Thursday, September 16, 2010

Decisions, decisions...

How do we make decisions that affect our children, especially with food allergies? When trying to negotiate their schooling, classrooms, socials events, friends, how do you decide when to speak up and when to let things take their own course? As I look back over my decisions as a parent, I think there are a couple of major things that I considered (or wish I had!) to aid me in decision making.

1. Health/Endangerment: is this situation putting my child in the way of physical harm? Is my child likely to end up in the hospital if this situation continues?

2. Emotional/Spiritual Health: is this situation likely to cause my child emotional damage? Will this situation adversely affect my child's spiritual growth?

3. Discomfort: will my child be extremely uncomfortable in this situation?

Balanced against possible benefits, these questions can guide us as parents as we try to navigate things like:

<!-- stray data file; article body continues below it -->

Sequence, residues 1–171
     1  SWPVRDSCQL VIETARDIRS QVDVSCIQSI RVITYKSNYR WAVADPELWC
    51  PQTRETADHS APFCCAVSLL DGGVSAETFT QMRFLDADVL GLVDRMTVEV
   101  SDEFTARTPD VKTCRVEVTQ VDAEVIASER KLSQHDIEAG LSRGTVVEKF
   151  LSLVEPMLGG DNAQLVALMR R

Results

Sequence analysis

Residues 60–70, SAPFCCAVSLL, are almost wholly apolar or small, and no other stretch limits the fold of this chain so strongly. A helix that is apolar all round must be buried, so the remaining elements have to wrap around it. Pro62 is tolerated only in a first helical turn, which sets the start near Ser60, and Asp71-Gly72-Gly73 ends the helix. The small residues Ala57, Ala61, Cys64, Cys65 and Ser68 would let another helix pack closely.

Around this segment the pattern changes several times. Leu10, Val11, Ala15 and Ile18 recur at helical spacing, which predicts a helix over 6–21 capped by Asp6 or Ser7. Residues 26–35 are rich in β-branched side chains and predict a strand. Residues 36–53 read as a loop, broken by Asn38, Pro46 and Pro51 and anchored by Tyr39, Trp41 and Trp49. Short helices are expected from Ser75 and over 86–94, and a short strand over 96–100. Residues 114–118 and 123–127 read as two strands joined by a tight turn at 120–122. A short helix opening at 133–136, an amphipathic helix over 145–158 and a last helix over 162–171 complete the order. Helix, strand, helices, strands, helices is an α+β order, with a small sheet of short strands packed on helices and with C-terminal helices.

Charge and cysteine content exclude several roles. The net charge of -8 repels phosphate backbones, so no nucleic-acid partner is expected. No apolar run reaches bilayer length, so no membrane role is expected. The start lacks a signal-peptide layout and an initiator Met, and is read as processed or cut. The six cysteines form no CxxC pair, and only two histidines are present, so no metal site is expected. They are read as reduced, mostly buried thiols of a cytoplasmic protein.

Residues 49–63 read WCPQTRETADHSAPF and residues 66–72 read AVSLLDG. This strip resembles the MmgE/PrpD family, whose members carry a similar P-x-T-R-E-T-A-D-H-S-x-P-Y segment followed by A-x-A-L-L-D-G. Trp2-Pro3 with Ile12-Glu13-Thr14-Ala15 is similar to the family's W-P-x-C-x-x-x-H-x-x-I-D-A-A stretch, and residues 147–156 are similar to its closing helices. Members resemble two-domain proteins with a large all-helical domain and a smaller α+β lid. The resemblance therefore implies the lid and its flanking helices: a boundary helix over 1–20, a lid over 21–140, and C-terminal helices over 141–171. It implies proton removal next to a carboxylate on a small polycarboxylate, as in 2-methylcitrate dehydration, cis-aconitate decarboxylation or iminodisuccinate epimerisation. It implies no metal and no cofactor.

Should I send my child to spend an afternoon with the aunt who doesn't believe in food allergies?

Do I need to stay with my 7 year old at a classmates birthday party?

Should I become homeroom mom and coordinate the daily snacks again this year?

Does it makes sense to take my child to the doctor on day one of her fever, or should I wait?

Should I let the doctor give my child the newest vaccine, or this year's flu shot?

After considering the options, benefits, and drawbacks, I have found it is often helpful to ask one more question:

Who does this decision benefit, and am I okay with that?

Looking back, I realize that I sometimes have made decisions about caring for my children that were for my benefit, or a decision about one child that actually benefits another child more. While it is important to do what's best for the whole family, I also like to be aware of why I have taken certain actions. I believe motives can be as important as actions, so I try to be sure that my motives are in line with my values and goals as much as possible.

As a parent of a child with food allergies, I find that my decisions inherently have more potential damage than they did before Sophie was born. If you have found that to be the case as well, I hope you will benefit from my decision guidelines.

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